Get Growing Goes Wild - in Ynyslas and Pantperthog
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This year, the Dyfi Valley's much loved "Get Growing" course is branching out.
Course members will be tutored in wildlife gardening skills as well as organic vegetable growing - all for free! Another change is that it will be available at two different sites: one at Ynyslas and another at Pantperthog.
The 10 week "Get Growing" practical gardening course will teach students how to encourage wildlife and create suitable habitats for bugs and beasts and birds, in addition to all aspects of preparing the ground, growing crops from seed, mixed growing and pest control.
Course members will grow a variety of crops ranging from spuds and cabbage to sweet corn and tomatoes.
In September, they will harvest their crops and take them home to eat.
Other people, however, may choose to follow the course via the internet or post, carrying out the weekly activities in their own gardens.
The teaching team is Leigh Munton, who is qualified in therapeutic horticulture, and Kate Doubleday, who specialises in community garden design.
The courses are being organised by Imogen Pettitt of community regeneration company ecodyfi, as part of the Mentro Allan Bro Ddyfi project.
Mentro Allan is a health research project aimed at getting people outside and active, and finding out what often stops them.
Previous "Get Growing" courses have also been successful in encouraging participants to grow and eat their own veg, in helping them to feel more positive and in developing their understanding of the natural world.
Imogen noted that "As well as learning lots, groups from previous years have become and stayed friends.
Working outside on a shared project is a great way to meet new people." Sessions will be at complete beginner level - and there is no need for people to be put off if they haven't exercised for a while.
"Everyone in the Dyfi Valley is eligible to join in the activities" explains Imogen.
"However we're especially keen to meet parents of young children, young adults and anyone feeling low or isolated.
“People from Machynlleth, Cadfarch, Glantwymyn and Llanbrynmair will be particularly welcome."
The course runs between 10.30am and 3pm on Tuesdays, starting 18 March at Ynyslas and 25 March for those living nearer to Machynlleth.
Places are limited, so anyone wanting to start growing at either Ynyslas or Pantperthog should contact Imogen very soon to book a place, by phoning 01654 703965 or emailing firstname.lastname@example.org or calling in to ecodyfi's office at Ty Bro Ddyfi, Machynlleth (opposite Maengwyn Café).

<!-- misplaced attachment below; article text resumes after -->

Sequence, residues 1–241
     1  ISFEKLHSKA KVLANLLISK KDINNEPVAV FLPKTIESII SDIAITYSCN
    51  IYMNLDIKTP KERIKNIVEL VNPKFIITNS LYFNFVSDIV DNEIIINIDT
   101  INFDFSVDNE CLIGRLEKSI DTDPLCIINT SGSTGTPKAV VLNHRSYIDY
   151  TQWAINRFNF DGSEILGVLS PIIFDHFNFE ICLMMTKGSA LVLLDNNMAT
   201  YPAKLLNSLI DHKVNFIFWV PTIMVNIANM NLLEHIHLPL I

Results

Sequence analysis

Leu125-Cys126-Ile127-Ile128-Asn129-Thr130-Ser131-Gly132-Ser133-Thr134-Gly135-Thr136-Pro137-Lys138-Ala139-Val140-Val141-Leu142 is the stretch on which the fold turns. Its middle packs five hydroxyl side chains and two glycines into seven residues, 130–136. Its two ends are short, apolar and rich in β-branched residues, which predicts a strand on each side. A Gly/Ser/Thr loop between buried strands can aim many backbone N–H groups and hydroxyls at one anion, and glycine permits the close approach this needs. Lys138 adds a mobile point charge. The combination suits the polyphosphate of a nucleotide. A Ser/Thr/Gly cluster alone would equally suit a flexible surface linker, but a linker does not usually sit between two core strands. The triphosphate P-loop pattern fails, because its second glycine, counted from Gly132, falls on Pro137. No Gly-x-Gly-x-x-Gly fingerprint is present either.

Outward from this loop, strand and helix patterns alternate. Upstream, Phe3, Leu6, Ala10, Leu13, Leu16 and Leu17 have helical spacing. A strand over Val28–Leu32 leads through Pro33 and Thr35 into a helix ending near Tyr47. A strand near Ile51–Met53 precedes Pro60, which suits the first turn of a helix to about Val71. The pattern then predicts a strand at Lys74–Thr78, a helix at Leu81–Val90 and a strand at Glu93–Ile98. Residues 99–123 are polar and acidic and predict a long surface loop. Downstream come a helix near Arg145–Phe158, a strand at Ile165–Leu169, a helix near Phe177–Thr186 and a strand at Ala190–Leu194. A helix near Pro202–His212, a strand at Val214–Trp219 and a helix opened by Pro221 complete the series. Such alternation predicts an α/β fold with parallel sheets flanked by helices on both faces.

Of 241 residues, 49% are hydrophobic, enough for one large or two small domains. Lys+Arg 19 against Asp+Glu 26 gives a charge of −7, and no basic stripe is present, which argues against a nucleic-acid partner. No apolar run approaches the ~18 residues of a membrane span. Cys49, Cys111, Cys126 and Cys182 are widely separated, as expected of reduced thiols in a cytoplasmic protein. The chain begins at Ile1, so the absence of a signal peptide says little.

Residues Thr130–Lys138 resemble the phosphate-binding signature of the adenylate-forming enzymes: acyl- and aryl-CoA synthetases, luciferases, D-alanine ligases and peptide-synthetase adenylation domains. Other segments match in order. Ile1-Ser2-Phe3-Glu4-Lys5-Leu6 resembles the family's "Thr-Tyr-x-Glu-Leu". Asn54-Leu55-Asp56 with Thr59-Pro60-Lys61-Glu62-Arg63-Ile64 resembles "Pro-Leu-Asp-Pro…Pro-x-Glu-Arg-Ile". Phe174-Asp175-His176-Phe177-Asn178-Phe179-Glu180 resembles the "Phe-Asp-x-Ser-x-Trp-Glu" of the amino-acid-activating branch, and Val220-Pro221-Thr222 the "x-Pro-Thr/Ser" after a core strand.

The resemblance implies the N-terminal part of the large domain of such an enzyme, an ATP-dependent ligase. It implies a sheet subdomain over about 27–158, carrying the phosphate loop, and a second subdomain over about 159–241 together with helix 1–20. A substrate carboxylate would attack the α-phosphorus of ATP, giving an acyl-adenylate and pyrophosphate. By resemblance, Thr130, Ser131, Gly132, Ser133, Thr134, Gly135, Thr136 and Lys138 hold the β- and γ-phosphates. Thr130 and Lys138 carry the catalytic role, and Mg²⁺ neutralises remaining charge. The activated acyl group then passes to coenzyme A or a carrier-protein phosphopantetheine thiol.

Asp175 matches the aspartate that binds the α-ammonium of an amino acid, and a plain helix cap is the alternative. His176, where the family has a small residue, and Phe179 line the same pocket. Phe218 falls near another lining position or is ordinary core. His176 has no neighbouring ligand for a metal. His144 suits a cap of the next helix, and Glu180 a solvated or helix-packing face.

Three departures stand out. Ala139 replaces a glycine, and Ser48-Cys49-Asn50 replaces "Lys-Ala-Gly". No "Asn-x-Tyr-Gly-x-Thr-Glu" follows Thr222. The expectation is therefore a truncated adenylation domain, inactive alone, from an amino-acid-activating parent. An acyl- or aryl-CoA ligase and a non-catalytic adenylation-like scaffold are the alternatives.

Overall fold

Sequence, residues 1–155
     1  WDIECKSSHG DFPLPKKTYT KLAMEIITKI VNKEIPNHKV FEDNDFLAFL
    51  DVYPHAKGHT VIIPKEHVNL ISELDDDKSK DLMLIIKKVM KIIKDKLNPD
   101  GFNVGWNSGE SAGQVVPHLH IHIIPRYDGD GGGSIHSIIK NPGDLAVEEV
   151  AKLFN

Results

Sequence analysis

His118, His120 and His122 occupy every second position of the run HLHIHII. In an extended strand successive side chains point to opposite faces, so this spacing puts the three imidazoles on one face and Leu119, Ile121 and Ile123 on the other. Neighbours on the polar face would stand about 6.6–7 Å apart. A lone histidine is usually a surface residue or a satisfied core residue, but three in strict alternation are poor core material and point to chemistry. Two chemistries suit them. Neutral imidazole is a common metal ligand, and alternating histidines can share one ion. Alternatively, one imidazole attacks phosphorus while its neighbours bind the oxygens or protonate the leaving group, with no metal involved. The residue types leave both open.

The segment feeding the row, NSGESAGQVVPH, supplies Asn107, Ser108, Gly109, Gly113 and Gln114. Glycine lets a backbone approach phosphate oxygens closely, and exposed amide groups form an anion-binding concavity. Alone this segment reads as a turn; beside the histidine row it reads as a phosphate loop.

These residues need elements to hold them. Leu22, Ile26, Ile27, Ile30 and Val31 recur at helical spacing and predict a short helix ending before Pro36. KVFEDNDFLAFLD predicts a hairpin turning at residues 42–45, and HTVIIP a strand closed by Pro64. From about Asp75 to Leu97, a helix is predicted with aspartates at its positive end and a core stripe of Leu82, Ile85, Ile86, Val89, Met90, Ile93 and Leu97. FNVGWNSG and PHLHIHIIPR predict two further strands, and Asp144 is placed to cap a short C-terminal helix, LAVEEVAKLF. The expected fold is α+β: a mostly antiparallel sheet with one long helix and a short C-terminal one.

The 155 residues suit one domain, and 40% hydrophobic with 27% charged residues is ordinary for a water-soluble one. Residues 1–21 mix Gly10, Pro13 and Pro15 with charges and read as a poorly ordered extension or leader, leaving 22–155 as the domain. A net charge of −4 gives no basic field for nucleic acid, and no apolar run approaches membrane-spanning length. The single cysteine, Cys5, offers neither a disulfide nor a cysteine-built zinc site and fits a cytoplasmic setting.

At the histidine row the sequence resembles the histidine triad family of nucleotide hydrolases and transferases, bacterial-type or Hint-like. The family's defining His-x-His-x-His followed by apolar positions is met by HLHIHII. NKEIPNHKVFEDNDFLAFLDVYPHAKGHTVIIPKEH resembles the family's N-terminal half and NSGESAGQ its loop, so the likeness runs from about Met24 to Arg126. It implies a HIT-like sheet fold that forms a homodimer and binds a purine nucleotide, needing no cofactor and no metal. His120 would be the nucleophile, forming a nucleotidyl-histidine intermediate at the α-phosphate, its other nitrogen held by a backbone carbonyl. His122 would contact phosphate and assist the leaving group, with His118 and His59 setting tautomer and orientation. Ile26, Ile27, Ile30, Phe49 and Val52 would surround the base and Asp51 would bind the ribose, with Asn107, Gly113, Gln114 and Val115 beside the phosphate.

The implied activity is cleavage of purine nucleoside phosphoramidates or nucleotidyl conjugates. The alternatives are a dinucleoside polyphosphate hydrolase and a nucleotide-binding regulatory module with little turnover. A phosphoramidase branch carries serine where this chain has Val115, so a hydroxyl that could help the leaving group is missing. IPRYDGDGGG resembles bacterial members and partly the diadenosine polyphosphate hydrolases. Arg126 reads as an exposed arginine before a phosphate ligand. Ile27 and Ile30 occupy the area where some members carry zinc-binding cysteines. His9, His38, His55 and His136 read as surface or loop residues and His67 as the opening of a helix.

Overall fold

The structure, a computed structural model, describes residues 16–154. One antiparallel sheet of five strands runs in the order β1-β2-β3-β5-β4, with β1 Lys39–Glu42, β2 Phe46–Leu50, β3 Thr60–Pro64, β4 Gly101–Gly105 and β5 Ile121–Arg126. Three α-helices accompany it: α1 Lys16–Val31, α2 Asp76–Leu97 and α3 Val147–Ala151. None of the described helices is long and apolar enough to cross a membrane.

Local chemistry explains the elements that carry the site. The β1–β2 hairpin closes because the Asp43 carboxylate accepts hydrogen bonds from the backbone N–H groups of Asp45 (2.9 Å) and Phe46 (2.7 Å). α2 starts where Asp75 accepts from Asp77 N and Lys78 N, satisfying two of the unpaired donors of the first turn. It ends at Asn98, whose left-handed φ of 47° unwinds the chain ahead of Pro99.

Notes for editors:
Mentro Allan is a collection of projects in Wales supported by the Big Lottery Fund and a national partnership.
The programme targets specific groups that are generally less active than the wider population.
Each of the projects will be funded for four years to increase the physical activity levels of its target group, making best use of the local natural outdoor environment close to where people live.
The programme will collect evidence on the effectiveness of specific interventions designed to increase people’s levels of health-benefiting physical activity.
The Bro Ddyfi Mentro Allan programme will encourage individuals in the Dyfi Valley to increase their levels of physical activity, using a variety of settings in the outdoor natural environment, while researching what worked to make this change and why.
Our main target group is the broad population who experience rural isolation and who live sedentary lives.
We are particularly concerned with individuals suffering from loneliness and social exclusion as a result of poor access to services and a dispersed population pattern, though activities will be open to all residents.
Our next target groups are: parents of young children, especially young parents; 11-18 years olds, especially those at risk of social exclusion; people with mental health issues, especially those not in regular contact with support groups and services.
We will target residents of the Machynlleth, Cadfarch, Glantwymyn and Llanbrynmair areas, but residents from other parts of the valley will be welcome to join in.